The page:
Employees may not have an overtime leave balance in excess of 240 hours, unless the employee holds a non-exempt public safety, emergency or seasonal position, in which case his or her overtime leave balance shall not exceed 480 hours. However, maintaining a maximum balance of 480 hours increases the agencies liability. Employees whose overtime leave hours have reached the 240- or 480-hour limit must be compensated with time and one-half overtime pay for additional overtime hours worked until the overtime leave balance has been  reduced through the use of leave or the payment of leave hours.

NOTE: Public Safety positionsinclude law enforcement, fire fighting or related activities; Emergency response positions includes dispatching of emergency vehicles and personnel, rescue work and ambulance services; Seasonal activity positions include work during periods of significantly increased demand, which are of a regular and recurring nature.
Establishment of Agency Accrual Limit Agencies may establish a lower limit of overtime leave that employees are allowed to accrue. As with the statutory limit, when the employee accrues the agency limit of overtime leave, he or she will not be allowed to accrue additional overtime leave until the balance is reduced, but will be compensated with overtime pay for overtime hours worked past the established limit.
Duration of Leave Overtime leave does not lapse, but is subject to a maximum accrued amount, as described above.
Supervisor Approval

Employees must request and receive approval from their supervisors to use overtime leave. Failure to obtain approval, however, will not remove the agency’s obligation to compensate an eligible employee for overtime worked.

Leave Approval

Agencies must approve the use of overtime leave as requested by the employee, or approve an alternate date within a reasonable time after the request, unless the absence would unduly disrupt the operations of the agency. Mere inconvenience to the agency, such as the need to schedule other employees to work overtime hours to provide coverage, is an insufficient basis for denying a request to use overtime leave.

Scheduling Leave Usage

  • Agencies may choose to schedule an employee’s use of overtime leave in order to manage overtime leave liability; and
  • Agencies can adjust an employee’s work schedule temporarily within a workweek to avoid overtime liability or to meet operational needs.
Paying Down Overtime Leave Balances In order to manage its overtime leave liability, an agency may pay a part or all of an employee’s overtime leave balance at any time, based on the employee’s regular hourly rate at the time of the payment.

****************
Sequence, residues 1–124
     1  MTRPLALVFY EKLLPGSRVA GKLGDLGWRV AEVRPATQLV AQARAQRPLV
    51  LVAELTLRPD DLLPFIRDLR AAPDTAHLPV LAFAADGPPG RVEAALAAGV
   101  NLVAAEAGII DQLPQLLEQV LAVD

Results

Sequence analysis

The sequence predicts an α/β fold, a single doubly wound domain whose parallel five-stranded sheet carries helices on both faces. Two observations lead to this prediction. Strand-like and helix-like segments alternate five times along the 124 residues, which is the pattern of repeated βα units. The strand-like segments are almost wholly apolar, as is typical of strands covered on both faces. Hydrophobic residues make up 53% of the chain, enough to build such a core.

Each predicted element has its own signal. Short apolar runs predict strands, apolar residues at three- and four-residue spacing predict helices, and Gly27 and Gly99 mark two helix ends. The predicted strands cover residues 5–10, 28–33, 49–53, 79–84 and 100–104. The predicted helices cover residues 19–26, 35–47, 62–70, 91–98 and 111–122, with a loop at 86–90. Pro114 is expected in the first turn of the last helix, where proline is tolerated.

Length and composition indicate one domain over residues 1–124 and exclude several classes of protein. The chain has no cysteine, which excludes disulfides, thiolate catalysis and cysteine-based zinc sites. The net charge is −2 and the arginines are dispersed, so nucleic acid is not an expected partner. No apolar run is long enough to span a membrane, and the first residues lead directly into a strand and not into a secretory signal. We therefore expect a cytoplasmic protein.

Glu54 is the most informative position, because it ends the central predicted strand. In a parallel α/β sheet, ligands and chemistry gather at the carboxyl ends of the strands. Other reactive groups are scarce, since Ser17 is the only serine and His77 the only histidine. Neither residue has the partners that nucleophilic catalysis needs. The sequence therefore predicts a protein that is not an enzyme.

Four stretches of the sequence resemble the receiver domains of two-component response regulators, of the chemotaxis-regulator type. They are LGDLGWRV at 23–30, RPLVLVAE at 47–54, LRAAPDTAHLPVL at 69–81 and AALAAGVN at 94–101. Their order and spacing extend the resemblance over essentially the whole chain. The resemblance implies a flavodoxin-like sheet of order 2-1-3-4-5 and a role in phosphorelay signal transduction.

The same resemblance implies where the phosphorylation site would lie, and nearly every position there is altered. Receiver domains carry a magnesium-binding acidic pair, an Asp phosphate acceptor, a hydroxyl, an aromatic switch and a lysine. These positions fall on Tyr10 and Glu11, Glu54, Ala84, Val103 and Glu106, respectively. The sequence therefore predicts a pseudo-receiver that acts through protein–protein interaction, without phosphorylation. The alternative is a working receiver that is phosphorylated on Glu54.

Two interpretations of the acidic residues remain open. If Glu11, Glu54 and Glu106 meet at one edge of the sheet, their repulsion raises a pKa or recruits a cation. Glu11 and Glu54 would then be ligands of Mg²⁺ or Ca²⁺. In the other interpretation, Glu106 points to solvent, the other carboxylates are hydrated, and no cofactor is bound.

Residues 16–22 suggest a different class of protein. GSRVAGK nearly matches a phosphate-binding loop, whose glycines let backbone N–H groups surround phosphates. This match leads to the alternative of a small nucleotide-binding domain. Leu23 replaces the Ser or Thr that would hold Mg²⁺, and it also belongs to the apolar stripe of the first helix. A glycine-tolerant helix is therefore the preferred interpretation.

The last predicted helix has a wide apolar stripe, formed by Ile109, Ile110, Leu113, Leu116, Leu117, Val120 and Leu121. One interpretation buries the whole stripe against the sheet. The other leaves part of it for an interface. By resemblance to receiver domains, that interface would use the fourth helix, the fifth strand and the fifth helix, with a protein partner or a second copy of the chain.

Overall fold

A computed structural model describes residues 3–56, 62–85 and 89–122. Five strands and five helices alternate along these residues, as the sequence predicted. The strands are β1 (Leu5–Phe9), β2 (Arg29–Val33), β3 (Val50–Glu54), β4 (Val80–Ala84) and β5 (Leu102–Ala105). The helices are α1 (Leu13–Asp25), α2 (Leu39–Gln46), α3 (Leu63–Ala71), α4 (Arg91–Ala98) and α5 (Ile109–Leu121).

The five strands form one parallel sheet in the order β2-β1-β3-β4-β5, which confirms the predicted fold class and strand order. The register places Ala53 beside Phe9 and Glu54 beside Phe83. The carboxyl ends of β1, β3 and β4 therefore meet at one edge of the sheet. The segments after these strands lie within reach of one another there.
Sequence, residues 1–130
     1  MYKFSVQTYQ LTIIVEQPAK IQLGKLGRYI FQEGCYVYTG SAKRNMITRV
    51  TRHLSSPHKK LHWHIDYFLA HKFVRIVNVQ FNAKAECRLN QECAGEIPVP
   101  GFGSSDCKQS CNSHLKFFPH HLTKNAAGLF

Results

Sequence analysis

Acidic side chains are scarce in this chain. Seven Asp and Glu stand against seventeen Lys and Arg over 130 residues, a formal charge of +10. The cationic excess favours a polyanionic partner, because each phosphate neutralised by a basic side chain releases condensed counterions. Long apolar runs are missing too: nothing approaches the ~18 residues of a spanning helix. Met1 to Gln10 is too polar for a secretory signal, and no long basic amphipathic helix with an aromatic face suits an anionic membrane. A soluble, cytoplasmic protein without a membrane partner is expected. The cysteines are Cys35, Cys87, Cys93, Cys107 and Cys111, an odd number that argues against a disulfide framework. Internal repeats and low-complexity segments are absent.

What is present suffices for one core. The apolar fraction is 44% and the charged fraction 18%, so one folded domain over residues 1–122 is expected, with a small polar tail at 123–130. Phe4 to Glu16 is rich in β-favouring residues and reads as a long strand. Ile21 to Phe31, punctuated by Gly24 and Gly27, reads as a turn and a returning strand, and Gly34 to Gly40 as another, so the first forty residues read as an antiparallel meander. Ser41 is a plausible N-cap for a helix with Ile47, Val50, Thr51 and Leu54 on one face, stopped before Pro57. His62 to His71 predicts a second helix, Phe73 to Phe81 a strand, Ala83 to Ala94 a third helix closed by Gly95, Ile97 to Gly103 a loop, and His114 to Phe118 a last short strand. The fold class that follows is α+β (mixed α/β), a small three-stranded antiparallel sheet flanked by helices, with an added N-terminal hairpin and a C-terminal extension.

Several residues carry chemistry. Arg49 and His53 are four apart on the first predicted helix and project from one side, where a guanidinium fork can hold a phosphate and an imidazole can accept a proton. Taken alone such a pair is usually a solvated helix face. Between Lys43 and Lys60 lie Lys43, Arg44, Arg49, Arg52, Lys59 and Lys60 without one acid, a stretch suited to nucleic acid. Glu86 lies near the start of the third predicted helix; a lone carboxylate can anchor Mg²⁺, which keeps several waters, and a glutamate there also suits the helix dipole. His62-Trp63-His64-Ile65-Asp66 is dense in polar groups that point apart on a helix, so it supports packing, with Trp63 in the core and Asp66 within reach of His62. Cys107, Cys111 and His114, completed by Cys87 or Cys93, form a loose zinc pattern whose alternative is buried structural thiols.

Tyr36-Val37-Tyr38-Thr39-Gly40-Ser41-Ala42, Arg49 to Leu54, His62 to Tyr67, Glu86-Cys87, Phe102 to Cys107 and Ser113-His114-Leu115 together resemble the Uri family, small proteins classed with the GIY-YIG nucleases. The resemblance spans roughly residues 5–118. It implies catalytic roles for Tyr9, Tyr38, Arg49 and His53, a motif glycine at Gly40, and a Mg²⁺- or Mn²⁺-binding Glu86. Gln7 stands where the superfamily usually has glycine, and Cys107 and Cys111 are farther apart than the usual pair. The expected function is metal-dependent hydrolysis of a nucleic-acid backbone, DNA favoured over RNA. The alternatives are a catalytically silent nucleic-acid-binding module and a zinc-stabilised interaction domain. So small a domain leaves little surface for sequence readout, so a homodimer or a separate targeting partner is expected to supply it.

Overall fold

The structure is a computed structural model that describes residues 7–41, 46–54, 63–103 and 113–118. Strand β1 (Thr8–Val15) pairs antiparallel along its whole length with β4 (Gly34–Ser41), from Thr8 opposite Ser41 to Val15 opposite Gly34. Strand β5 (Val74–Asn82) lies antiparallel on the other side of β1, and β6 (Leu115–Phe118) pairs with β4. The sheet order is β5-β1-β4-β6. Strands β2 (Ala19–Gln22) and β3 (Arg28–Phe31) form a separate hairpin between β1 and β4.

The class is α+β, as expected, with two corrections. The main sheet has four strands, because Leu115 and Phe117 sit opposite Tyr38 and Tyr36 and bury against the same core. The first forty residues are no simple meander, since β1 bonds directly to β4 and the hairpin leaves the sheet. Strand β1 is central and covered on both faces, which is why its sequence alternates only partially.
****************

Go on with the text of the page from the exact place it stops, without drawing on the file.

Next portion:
Movement Within the Agency Employees will retain their accrued overtime leave if they move to different positions within their agencies.
Leaving State Service or transferring to a different agency Employees are paid a lump sum for the full amount of their accrued overtime leave balance when they transfer to another agency or separate from state service. This includes separations by resignation (including resignation from layoff status), retirement, layoff, discharge, death, or transition into LTD.
Payment Upon Death Payment shall be made to the Administrator or Executor/Executrix of the employee’s estate. If there is no Administrator or Executor,
payment shall go to the surviving spouse, or if none, to the next of kin in accordance with section 64.1-123 of the Code of Virginia.
Rate of Payment When employees separate from state service, overtime leave balances must be paid at the employee’s last hourly pay rate (regular rate) or the employee’s average hourly pay rate over the last three continuous years of employment, whichever is higher.
Military Leave

Employees on active military duty have options available for use of their overtime leave balances. Leave balances may be:

  • Applied to the period of absence due to military service;
  • Paid up to the allowable accrual limit at the time of placement on leave without pay; and/or
  • Retained until reinstatement from military leave without pay.
NOTE: At the employee’s option, payment may be made in either:
  • Lump sum, or
  • Through the regular payroll schedule.


Agencies are responsible for:

  • Developing and communicating their policies for compensation of overtime, as described above;
  • Providing supervisors with appropriate training necessary to manage employees, including training on the impact of the FLSA.
The Department of Human Resource Management issues this policy pursuant to the authority provided in Chapter 12, Title 2.2 of the Code of Virginia.

The Director of the Department of Human Resource Management is responsible for official interpretation of this policy, in accordance with section 2.2-1201 of the Code of Virginia.

Questions regarding the application of this policy should be directed to the Department of Human Resource Management's Office of Agency Human Resource Services.

The Department of Human Resource Management reserves the right to revise or eliminate this policy at any time.